Northeastern REMC field personnel use mobile viewing applications to speed outage response, thus meeting customer expectations.
For More than 50 Years, Linemen Navigated their Service Territories by Memory, armed with a handful of paper maps. This was the default or legacy way of doing things. Northeastern Rural Electric Membership Corp. (Northeastern REMC; Columbia City, Indiana, U.S.) used to operate in this manner because, back then, it was all that was necessary.
However, over the years, a once sparsely populated service territory has become a heavily populated suburbia. With the addition of the suburban customer demographic came new expectations. Today, this customer base demands fewer outages, shorter outage durations and informative, timely outage updates.
These expectations required Northeastern REMC to equip field personnel with better information. A mobile geographic information system (GIS) filled that need.
FIRST CAME MAPPING
Northeastern REMC began the GIS project in 2001 by remapping its entire service territory to include every customer meter. Before the GIS project, not a single meter had been mapped.
In 2003, the utility took the GIS mapping system to the field. ESRI's (Redlands, California, U.S.) ArcMap, using an Oracle (Redwood Shores, California) spatial database engine, is the foundation of Northeastern REMC's GIS. The goal was to incorporate an end-user application that would coexist seamlessly with this core system.
With that in mind, GO! Sync Mapbook by TC Technology (Carlsbad, California) was deployed. The application is enterprisewide at Northeastern REMC, with approximately 50 users on different devices, in several departments and in many environments. GO! Sync enables a data-extraction process that automatically copies GIS data from the mapping server to the mobile viewing application Mapbook. Since some features do not need to be updated as often as others, different data sets can be extracted at different intervals. Once extracted, the data is sent to the end-user client viewer through a file transfer protocol (FTP) sync process. Syncs can be initiated manually or automatically run at defined intervals.
The Mapbook application enables the right information to get in the right hands at the right time. Field crews can view and search GIS data, establish redlines, revise GIS data, create inspections and use a GPS for facility locating and routing.
VIEW AND SEARCH
The ability to view and query data are necessities for a mobile GIS application. In fact, the way data is presented and accessed can make or break a mobile GIS. The challenge is to empower everyone throughout the enterprise to access the information they need. It is difficult to give the same tools to staff with differing needs, in differing departments, with differing job responsibilities and with differing computer skills. Features that are of no use to some can be the most important features to others. Application flexibility is essential for an enterprise deployment.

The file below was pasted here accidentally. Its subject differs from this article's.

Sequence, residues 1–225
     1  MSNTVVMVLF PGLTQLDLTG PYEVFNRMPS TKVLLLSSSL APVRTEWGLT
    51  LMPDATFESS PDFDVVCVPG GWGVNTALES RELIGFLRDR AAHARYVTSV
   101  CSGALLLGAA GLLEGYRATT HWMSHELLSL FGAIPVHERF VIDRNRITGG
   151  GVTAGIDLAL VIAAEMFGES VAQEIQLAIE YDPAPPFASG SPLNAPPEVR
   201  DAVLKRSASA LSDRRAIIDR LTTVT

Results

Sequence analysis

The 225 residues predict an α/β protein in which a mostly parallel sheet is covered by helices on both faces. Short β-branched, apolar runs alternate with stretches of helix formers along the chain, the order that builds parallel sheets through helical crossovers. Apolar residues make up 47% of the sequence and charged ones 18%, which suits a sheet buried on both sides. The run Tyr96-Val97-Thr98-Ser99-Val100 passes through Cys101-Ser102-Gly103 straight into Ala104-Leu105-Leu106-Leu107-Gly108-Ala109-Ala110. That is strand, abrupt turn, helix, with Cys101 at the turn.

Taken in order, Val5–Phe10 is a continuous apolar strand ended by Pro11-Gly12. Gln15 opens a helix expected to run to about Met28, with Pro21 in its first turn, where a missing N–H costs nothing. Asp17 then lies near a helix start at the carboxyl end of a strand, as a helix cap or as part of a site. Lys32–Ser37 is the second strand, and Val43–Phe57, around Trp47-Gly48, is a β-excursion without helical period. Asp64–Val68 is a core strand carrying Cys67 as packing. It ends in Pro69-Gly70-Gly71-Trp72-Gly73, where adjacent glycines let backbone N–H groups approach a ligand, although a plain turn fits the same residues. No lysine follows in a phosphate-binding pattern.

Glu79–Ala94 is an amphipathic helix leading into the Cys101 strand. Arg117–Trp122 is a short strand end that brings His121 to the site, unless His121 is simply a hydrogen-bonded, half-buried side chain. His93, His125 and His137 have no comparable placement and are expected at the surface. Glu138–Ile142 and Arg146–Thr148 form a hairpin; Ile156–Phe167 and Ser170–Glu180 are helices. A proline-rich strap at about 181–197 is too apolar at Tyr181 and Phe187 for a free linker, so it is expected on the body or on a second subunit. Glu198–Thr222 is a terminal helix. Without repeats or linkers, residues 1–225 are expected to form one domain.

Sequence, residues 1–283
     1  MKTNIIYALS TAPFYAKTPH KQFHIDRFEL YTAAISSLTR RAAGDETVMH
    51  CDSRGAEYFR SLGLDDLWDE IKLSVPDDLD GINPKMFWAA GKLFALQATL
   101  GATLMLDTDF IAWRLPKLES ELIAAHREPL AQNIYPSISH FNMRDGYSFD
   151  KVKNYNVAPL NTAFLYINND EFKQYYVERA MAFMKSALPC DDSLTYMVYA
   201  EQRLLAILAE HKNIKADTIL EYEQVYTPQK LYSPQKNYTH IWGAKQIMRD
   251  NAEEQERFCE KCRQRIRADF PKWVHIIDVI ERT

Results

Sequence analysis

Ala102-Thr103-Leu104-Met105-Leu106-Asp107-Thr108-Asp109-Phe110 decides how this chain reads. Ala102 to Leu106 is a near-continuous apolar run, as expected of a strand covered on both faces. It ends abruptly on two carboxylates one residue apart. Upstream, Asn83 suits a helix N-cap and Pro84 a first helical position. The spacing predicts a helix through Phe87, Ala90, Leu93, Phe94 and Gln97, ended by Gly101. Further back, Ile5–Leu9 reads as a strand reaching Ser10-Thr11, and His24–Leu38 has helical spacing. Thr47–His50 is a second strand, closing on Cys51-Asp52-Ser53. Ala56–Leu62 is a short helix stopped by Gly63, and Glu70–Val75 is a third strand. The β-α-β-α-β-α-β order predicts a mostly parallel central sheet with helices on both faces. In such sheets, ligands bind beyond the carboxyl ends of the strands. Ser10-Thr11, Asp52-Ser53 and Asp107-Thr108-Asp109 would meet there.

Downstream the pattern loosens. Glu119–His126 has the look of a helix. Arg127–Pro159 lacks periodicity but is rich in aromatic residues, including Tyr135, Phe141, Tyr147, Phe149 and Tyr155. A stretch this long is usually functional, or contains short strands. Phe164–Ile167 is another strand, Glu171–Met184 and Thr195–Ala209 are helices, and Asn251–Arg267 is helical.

Optimizing PC-screen real estate is important to field personnel. By using just a handful of buttons and toolbars, as much screen area as possible is preserved for the actual map. To ensure users see what they want, when they want it, each individual user has total control over which layers will be visible or invisible, and the order in which those layers will be presented.
Mapbook has the ability to display all GIS data. However, the ability to show all this data is not a justification for doing so. Some data might have a very small audience, while other data might have a much larger audience. With quick server-side configuration changes, Northeastern REMC's GIS staff can simplify the data offered to individual end users based on their needs. Needs are determined by the end user's role and responsibilities. Making administrative changes and granting access rights to information can be done in a matter of minutes.
In addition to the flexibility of data availability, there is also flexibility in symbolizing data in different ways. Often, enterprise implementations can make it difficult to meet all of the wants and needs of many different users. Field personnel might want to symbolize or label a meter differently than customer service representatives. Everyone wants to see the meters; they just want to see them differently.
In the Mapbook application, symbology is defined by an ESRI MXD file type. Thus, anyone comfortable with creating an ArcMap MXD file can customize the Mapbook display. This flexibility and simplicity provides the ability to quickly tweak data display to better satisfy end users. To keep things aesthetically pleasing, Mapbook uses customizable labels and map tips to provide core data and also enables user-initiated detailed attribute inquiries.
Northeastern REMC's GIS staff creates basic data searches. A simple XML file defines searchable GIS attributes and fields. User-requested searches and other customization can be created with basic XML code and distributed enterprisewide in minutes by the sync process. The user interface also allows advanced users to create their own structured query language inquiries.
REDLINING AND INSPECTIONS